Kuujuuarapik to Inukjuaq on Hudson Bay.
Stromatolites (fossil algae formations) on Manitounuk Sound.
While we were in a fog bank,
there was sunshine out on the bay.
Dave and Ann north of Umiujaq.
Beach campsite with typical grey sky.
Campsite north of the Goulet.
Looking into the Goulet,
the entrance to Richmond Gulf.
Northern campsite with the grass mowed by geese.
Waiting out the weather.
Hunkering down behind some rocks,
to have lunch out of the wind and rain.
Dave Brown photo.
Wendy on porphyry bedrock.
Wildflowers at a campsite.
Bad weather moving in.
A spooky day paddling in the the wind
and fog with an unfriendly shore.
Water pattern on sand.
Ann with a load of driftwood.
Wendy battening down the tent.
Cuestas not far from Inukjuaq.
Happy to be on shore!
Landing at Inukjuaq afer battling a strong wind.
"Dora the explorer" welcoming us to town.
Buying hats In Inukjuaq.
Al Stirt, Wendy Scott and Friends: Canoe Tripping in Northern Quebec and Labrador
We've paddled quite a few miles on Hudson Bay, using it as a way to gain access to the interior rivers we wanted to see. The logistics are fairly easy: Drive to Radisson and put our canoes and most of our gear on a freight flight to Kuujjuarapik on the coast. A day or two later, we could take a scheduled flight to the village.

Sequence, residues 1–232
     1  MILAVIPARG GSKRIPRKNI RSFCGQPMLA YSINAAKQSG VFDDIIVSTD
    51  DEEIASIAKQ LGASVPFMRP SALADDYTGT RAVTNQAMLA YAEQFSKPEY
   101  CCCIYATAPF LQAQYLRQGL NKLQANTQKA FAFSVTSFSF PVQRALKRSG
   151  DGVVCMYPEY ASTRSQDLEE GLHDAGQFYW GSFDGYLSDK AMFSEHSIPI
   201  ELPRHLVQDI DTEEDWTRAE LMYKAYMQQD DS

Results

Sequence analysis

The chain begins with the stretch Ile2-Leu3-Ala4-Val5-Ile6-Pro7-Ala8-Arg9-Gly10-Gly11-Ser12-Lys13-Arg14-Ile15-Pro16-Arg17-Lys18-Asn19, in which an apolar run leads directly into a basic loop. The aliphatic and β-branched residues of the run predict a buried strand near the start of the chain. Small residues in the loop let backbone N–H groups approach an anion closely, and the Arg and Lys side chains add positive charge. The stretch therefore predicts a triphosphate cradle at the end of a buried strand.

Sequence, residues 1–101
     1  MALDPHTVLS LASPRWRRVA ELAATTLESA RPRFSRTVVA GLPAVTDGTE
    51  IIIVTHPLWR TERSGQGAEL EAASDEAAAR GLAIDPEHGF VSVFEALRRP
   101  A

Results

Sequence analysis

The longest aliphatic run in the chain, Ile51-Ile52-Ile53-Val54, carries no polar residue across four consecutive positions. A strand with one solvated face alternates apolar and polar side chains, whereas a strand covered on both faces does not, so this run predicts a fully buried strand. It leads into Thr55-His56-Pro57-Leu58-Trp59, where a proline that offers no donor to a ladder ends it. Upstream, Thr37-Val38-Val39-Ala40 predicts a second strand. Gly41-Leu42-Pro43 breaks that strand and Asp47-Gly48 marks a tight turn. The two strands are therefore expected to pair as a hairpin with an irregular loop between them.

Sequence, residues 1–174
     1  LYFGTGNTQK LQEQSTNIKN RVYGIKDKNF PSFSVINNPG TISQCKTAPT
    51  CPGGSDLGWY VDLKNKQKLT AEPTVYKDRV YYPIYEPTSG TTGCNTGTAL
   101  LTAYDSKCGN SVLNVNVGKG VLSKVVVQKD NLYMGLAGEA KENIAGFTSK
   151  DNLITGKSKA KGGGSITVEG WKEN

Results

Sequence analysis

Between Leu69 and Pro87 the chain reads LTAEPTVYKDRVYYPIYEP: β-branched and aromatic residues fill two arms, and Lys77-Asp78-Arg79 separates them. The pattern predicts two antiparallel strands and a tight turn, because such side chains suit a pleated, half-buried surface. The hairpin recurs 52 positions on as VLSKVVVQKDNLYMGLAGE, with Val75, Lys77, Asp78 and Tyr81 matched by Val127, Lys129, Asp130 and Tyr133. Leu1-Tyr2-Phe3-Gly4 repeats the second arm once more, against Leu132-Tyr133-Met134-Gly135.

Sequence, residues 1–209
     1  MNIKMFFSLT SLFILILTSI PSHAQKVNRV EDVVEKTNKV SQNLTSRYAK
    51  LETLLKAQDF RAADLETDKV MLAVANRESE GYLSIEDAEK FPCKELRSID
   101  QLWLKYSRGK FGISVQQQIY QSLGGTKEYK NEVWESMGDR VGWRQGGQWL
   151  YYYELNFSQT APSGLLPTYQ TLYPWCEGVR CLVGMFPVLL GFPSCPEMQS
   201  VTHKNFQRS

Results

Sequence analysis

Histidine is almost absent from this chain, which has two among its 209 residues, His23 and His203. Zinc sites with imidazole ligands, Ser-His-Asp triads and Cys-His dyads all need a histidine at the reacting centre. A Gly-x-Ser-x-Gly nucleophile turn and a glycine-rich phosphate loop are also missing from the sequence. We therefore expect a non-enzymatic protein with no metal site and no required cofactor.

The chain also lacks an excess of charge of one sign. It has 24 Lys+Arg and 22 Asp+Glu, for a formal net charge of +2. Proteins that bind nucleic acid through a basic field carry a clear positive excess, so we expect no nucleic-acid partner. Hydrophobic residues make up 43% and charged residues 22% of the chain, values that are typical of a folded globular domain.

We used Kuujjuarapik as a starting point for trips on the Larch, Leaf, Nastapoka and Clearwater Rivers, as well as for our trip up the coast to Inukjuaq.
The eastern shore of Hudson Bay between Kuujjuarapik and Umiujaq is very beautiful and, for such a large body of water, pretty friendly to canoeists. The shores are a succession of rocky points and headlands separated by protected coves with sand beaches. Offshore islands provide some protection from the worst of the weather. Many of these islands are cuestas (see the photo on the right), which provide a dramatic backdrop when you look toward the open expanse of the bay.
Plenty of freshwater streams enter the bay, but we still carried several gallons of fresh water with us in case the weather forced us to land at an inconvenient spot.
In 2007, when one of our team was recovering from surgery and wanted to avoid portaging, we travelled about 300 miles on Hudson Bay from Kuujjuarapik up to Inukjuaq.
North of Umiujaq, the coast became more rugged with fewer sandy beaches to use as sanctuaries from the wind. The few trees on the shoreline thinned out the further north we went. For most of the trip, we relied solely on driftwood for our fires. The country and weather conditions were more intimidating the further north we went.
I'm glad we did the trip, but I would probably not want to paddle the whole route again.